Meet Jesse Medlin, our NYC-based senior display coordinator who can cook up a mean beet sauce for the ladies and will give the best homemade gifts this holiday season—the sweetest being a hug! Interview by Ally Mullen

Introduce yourself...
I am known as Manbaby or Beetle around the halls of Urban Outfitters. I live in Brooklyn and help out the visual teams in our flagship store on 14th & 6th in Manhattan, and the Canadian flagship store in Toronto on Younge and Dundass. I also help with special projects and concept development for the visual team at home office. On top of that, I recently started buying vintage clothing for the Urban Renewal brand, which has been a really cool addition to all the other stuff I do.

How have you incorporated the holidays into your stores display?
We have some really talented people in our stores, so they do most of the heavy lifting around the holidays. I like to help the visual teams I work with keep it fun and interesting for the local shoppers. We strive to inspire people to have fun through our holiday displays, otherwise what's the point?


What gifts from UO are you hoping to receive this holiday season?
1. Timberland Mt. Washington Chelsea Boot

And where will you be celebrating Christmas? 
I'm headed back to Tennessee for the holidays. I get to spend quality time with the family eating like a pig, being lazy, and watching cartoons with my younger cousins. I also have a tradition of spending a couple days with old friends, drinking too much, and going to as many thrift stores around Nashville as possible.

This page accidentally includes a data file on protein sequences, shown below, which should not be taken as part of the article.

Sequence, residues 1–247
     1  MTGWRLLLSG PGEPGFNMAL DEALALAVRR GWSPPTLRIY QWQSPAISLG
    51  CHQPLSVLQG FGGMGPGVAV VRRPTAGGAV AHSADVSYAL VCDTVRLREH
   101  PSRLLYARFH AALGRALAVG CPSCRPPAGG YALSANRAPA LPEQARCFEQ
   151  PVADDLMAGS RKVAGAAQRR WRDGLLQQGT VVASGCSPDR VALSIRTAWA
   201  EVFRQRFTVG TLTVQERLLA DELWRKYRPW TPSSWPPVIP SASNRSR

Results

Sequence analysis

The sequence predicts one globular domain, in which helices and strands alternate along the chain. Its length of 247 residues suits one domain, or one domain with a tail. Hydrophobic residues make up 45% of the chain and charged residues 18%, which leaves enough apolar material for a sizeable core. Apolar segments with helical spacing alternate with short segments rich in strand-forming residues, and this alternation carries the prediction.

Do you like to cook? If so, what's your signature dish?
I make a pasta sauce out of beets during the winter months that is usually a big hit with friends. It turns the noodles pink, which the ladies always dig. 


When it comes to gift-giving, do you prefer to buy them or create something handmade?
Dang, I guess it all just depends on the receiving party. To me it's more about being thoughtful and giving someone the right gift rather than making vs. buying something. Plus, I live in NYC which is crazy expensive and I'm not a baller by any means, so most friends get a beer, a shot, and a hug. 

Brag a bit and tell us about the best handmade gifts you've given...
The last thing I made for a gift was a custom shoe-denim-sweater cabinet for my wife. She was pretty stoked on that one. I made stash boxes for my friends once, and filled them with a bottle of hot sauce I made myself and a customized swiss army knife. My friend Justin is really into spray paint, so I made him a custom storage cabinet that was built and painted to look like a Krylon paint can. I used to make a lot of silkscreens, so I've printed custom pillows, shirts, and posters for friends in the past. Oh, and I have a button maker, so I've made buttons for people as well. Everyone loves a good button.

Where can we find you online?
Nowhere at the moment but I will rep #gleepglopbycars